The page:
The same arguments were made over and over from the public, including from former councilors and School Committee members, School Department employees who work with homeless youth, and property owners who want to see more solutions to an issue they argue is hurting business.

Billie-Jayne Cooke, co-owner of the Agora Grand on Bates Street, said if “Lewiston is eager to attract new businesses to the city” it should address homelessness. She said the event center loses several weddings each year because prospective clients are scared away by the situation there.

“There are people laying all over my property, at the park. They have no place to go during the day,” she said, adding that a “moratorium would worsen this.”


Many said the city should not squander the efforts of residents who came to the city with a plan, after the city has failed to take substantive action for years.

Allie Smith, former chairwoman of the city’s Housing Committee, said now is the time for the city to take advantage of federal resources. She said the city’s private shelters are not required to participate in official counts, meaning Lewiston is “systematically undercounted,” which has limited federal resources in the past.

The city has four shelters but none provide 24-hour service, and they can turn people away for several reasons, including arriving late, substance use, previous stay bans, lack of identification and religious reasons.


Those in favor of the proposal, like property owner Chris Aceto, said he doesn’t like the idea of a low-barrier shelter. He said he also owns property in Portland, and said low-barrier shelters bring in people from other states, and are the reason the city is now putting up hundreds in local hotels.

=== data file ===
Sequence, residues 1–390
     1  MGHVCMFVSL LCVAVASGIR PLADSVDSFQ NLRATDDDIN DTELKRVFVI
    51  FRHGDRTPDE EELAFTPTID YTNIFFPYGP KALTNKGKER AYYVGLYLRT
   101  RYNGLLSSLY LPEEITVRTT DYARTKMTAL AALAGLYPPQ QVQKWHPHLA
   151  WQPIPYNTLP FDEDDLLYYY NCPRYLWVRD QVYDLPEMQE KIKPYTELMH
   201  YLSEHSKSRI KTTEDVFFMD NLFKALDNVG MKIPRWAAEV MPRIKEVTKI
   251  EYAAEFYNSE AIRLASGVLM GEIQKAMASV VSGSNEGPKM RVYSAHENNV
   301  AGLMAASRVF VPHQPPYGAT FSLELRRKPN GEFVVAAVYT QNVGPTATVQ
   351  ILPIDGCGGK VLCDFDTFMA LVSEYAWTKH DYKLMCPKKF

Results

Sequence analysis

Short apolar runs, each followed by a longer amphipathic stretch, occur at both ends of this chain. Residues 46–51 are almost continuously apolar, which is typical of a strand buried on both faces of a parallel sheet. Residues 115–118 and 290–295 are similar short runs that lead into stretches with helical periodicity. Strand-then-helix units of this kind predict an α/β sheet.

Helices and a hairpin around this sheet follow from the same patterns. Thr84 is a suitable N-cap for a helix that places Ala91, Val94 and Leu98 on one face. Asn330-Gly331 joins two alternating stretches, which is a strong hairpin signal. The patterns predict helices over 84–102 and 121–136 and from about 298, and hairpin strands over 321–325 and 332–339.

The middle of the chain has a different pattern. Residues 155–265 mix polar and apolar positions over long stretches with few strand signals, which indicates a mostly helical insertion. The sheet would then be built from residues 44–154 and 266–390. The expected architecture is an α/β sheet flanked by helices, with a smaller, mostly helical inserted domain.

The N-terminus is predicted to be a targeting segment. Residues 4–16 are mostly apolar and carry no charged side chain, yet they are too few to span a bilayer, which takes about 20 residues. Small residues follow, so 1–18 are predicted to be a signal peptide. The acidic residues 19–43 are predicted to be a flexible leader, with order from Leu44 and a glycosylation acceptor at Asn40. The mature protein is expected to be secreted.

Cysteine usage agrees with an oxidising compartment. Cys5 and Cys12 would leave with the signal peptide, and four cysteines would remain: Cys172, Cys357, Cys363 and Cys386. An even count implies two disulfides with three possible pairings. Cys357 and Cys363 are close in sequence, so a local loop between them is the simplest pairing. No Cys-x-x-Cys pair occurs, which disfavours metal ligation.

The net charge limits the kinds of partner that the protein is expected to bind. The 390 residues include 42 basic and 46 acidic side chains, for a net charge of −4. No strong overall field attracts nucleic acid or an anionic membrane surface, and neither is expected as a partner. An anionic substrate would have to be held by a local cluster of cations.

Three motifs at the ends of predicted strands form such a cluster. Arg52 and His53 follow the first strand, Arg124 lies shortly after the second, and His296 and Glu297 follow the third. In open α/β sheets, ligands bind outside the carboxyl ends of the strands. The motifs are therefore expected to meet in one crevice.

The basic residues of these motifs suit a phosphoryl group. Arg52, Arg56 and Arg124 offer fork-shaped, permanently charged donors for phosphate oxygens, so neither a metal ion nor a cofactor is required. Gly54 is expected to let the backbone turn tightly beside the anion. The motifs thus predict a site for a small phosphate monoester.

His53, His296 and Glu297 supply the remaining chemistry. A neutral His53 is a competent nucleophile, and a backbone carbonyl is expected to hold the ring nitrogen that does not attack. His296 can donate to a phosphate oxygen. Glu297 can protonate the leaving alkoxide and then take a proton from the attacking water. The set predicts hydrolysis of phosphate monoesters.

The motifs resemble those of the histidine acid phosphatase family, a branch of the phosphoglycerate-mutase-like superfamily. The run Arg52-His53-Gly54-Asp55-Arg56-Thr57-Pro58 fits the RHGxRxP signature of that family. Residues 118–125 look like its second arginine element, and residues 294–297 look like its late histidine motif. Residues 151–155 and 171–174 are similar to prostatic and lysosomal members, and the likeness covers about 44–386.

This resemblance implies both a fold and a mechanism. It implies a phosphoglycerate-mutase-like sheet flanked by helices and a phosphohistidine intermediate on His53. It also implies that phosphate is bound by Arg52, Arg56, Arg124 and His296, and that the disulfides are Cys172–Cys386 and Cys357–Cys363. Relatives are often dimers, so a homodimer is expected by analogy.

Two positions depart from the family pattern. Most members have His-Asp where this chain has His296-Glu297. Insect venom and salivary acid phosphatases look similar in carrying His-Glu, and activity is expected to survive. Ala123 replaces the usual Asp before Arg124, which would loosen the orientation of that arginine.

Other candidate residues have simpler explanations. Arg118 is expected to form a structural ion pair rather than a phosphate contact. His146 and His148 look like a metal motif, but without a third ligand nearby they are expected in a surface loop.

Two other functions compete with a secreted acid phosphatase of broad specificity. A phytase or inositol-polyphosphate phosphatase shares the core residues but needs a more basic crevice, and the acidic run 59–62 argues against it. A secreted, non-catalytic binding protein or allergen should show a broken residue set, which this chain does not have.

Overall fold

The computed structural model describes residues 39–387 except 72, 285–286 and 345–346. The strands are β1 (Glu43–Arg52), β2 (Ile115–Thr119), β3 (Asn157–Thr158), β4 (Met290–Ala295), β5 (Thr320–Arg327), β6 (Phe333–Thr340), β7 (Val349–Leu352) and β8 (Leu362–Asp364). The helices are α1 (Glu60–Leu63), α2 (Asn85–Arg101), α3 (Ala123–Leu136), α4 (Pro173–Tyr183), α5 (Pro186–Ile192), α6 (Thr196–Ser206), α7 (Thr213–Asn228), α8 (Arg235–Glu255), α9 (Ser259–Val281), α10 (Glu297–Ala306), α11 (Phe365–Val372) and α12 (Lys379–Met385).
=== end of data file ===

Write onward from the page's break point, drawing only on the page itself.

“The idea that if you build it, they will come, that’s exactly what happened in Portland,” he said.


Councilor McCarthy said, “We have a serious problem. We have to do it right. Some of the aspects of the program is something we’ve needed for years. A one-stop shop for services. My question is over low-barrier.”

Many have been quick to respond that the issue is already in Lewiston, and that a 24-bed shelter will have a limited impact on the scope of the issue, but that it’s a start.

Around 9 p.m., Mayor Carl Sheline conferred with the city administrator, and public comment was shifted to a one-minute limit in order to move the proceedings along. Many people were cut off during remarks.

Sheline on several occasions told the audience not to shout or interrupt councilors. At one point, when Clement repeated past comments regarding a police presence at the former Lewiston Armory shelter, Parks shouted from the crowd, “That is a lie.”

When Clement and others floated the idea of a possible referendum on the shelter, members of the audience applauded in favor.

Larry Pease, whose Ward 5 encompasses much of the downtown neighborhood, had so far been silent on the issue, not commenting during the previous workshop when the council heard the resource center plan. He said he had since been criticized for the silence.

Prior to voting in favor of the measure Tuesday, he said, “I’m not against shelters. I listen before I shoot my mouth off.”